The default loaders support any file format supported by wq.io (Excel, CSV, JSON, and XML). Additional formats can be integrating by creating a custom wq.io class and then registering it with the wizard. For example, the Climata Viewer uses Django Data Wizard to import data from climata's wq.io-based web service client. To do this, extend data_wizard.loaders.BaseLoader with a custom load_io() function that returns the data from wq.io, as in the example below.

It is likely that you will want to use a specific serializer with your custom loader. If so, override default_serializer or get_serializer_name() on the loader. By default, these return None, which requires the user to specify the serializer when creating or executing the Run.

# myapp/models.py
from django.db import models

class CustomIOSource(models.Model):
    some_option = models.TextField()
# myapp/loaders.py
from data_wizard import loaders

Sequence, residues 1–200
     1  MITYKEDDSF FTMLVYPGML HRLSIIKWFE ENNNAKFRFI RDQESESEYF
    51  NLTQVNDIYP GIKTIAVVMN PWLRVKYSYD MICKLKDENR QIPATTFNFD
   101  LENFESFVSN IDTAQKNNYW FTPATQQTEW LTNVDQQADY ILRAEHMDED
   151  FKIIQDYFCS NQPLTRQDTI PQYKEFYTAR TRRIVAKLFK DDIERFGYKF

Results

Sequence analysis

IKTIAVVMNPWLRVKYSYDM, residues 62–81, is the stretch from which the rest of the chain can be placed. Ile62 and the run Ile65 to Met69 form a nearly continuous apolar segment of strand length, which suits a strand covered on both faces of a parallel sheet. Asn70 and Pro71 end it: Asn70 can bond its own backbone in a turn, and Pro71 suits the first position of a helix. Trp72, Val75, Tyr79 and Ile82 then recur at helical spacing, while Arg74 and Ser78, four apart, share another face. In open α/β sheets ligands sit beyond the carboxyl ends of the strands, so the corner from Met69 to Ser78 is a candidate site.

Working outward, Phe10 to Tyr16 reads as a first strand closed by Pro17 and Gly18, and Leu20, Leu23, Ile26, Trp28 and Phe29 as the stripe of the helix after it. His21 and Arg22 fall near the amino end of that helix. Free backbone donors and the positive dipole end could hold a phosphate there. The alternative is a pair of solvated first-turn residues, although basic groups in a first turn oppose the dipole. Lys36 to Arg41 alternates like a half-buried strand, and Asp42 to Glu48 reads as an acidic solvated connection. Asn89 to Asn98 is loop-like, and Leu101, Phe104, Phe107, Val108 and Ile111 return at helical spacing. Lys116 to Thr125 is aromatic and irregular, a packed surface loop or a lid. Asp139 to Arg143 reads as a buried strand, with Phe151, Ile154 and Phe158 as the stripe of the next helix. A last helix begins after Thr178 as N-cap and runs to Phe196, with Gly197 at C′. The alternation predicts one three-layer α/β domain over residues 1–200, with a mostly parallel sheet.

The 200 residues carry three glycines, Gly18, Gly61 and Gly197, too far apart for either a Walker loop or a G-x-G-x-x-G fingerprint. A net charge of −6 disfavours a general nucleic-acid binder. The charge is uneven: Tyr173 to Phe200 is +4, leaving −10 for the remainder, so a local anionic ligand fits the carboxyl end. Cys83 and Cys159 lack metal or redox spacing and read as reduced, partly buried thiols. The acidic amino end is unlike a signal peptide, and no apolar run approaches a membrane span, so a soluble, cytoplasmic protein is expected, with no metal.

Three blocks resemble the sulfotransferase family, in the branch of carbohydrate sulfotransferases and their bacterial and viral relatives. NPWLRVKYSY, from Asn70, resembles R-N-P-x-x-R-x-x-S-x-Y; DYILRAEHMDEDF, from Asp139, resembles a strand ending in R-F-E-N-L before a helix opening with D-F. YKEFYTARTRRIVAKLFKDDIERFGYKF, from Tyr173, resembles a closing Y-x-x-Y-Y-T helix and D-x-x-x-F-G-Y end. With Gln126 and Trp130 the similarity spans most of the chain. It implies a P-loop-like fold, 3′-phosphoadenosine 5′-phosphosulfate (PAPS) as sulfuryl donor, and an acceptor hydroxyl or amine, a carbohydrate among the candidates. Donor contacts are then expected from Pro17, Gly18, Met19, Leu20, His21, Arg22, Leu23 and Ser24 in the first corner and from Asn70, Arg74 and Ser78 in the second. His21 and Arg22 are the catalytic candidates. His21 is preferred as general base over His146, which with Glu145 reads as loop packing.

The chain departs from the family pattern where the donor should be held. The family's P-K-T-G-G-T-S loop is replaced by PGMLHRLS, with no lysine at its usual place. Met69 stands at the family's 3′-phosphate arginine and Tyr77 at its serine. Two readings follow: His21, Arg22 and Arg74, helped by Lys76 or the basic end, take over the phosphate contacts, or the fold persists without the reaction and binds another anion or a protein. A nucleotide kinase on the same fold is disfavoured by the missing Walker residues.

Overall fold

from .io import CustomIO

class CustomIOLoader(loaders.BaseLoader):
    default_serializer = 'mydataapp.wizard.CustomSerializer'
    def load_io(self):
        source = self.run.content_object
        return CustomIO(some_option=source.some_option)
# myapp/wizard.py
import data_wizard
from .models import CustomIOSource

data_wizard.set_loader(CustomIOSource, "myapp.loaders.CustomIOLoader")

Task Backends

As of version 1.1.0, Django Data Wizard no longer requires the use of celery as a task runner. Any of the following backends can be configured with via the BACKEND setting:

# myproject/settings.py

DATA_WIZARD = {
   "BACKEND": "data_wizard.backends.threading"  # Default in 1.1.x
              "data_wizard.backends.immediate"
              "data_wizard.backends.celery"     # Only choice in 1.0.x
}

For backwards compatibility with 1.0.x, the default backend reverts to celery if you have CELERY_RESULT_BACKEND defined in your project settings. However, it is recommended to explicitly set BACKEND, as this behavior may change in a future major version of Data Wizard.